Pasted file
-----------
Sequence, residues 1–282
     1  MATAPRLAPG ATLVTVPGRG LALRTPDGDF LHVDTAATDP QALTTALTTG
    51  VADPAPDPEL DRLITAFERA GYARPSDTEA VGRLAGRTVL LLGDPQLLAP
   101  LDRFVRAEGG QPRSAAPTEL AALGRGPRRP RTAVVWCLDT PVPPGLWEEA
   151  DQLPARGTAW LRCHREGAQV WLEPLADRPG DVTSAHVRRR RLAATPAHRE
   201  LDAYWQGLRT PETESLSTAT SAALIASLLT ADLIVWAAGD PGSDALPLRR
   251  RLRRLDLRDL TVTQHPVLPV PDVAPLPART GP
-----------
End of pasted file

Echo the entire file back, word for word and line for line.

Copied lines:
Sequence, residues 1–282
     1  MATAPRLAPG ATLVTVPGRG LALRTPDGDF LHVDTAATDP QALTTALTTG
    51  VADPAPDPEL DRLITAFERA GYARPSDTEA VGRLAGRTVL LLGDPQLLAP
   101  LDRFVRAEGG QPRSAAPTEL AALGRGPRRP RTAVVWCLDT PVPPGLWEEA
   151  DQLPARGTAW LRCHREGAQV WLEPLADRPG DVTSAHVRRR RLAATPAHRE
   201  LDAYWQGLRT PETESLSTAT SAALIASLLT ADLIVWAAGD PGSDALPLRR
   251  RLRRLDLRDL TVTQHPVLPV PDVAPLPART GP